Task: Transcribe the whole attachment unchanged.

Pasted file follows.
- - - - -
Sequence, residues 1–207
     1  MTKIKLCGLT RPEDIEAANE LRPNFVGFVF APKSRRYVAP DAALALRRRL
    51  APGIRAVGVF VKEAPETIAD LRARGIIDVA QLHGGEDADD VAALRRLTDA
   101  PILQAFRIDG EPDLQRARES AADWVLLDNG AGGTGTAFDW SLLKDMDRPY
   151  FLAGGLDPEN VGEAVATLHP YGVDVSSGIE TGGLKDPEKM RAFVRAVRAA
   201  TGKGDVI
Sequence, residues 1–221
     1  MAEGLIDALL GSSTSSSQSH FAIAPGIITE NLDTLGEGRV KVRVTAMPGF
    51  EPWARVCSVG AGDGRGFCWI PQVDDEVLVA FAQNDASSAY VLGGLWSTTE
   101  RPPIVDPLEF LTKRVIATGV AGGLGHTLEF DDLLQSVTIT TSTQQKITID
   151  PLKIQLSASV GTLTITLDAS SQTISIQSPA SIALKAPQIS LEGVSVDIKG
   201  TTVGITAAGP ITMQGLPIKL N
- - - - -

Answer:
Sequence, residues 1–207
     1  MTKIKLCGLT RPEDIEAANE LRPNFVGFVF APKSRRYVAP DAALALRRRL
    51  APGIRAVGVF VKEAPETIAD LRARGIIDVA QLHGGEDADD VAALRRLTDA
   101  PILQAFRIDG EPDLQRARES AADWVLLDNG AGGTGTAFDW SLLKDMDRPY
   151  FLAGGLDPEN VGEAVATLHP YGVDVSSGIE TGGLKDPEKM RAFVRAVRAA
   201  TGKGDVI
Sequence, residues 1–221
     1  MAEGLIDALL GSSTSSSQSH FAIAPGIITE NLDTLGEGRV KVRVTAMPGF
    51  EPWARVCSVG AGDGRGFCWI PQVDDEVLVA FAQNDASSAY VLGGLWSTTE
   101  RPPIVDPLEF LTKRVIATGV AGGLGHTLEF DDLLQSVTIT TSTQQKITID
   151  PLKIQLSASV GTLTITLDAS SQTISIQSPA SIALKAPQIS LEGVSVDIKG
   201  TTVGITAAGP ITMQGLPIKL N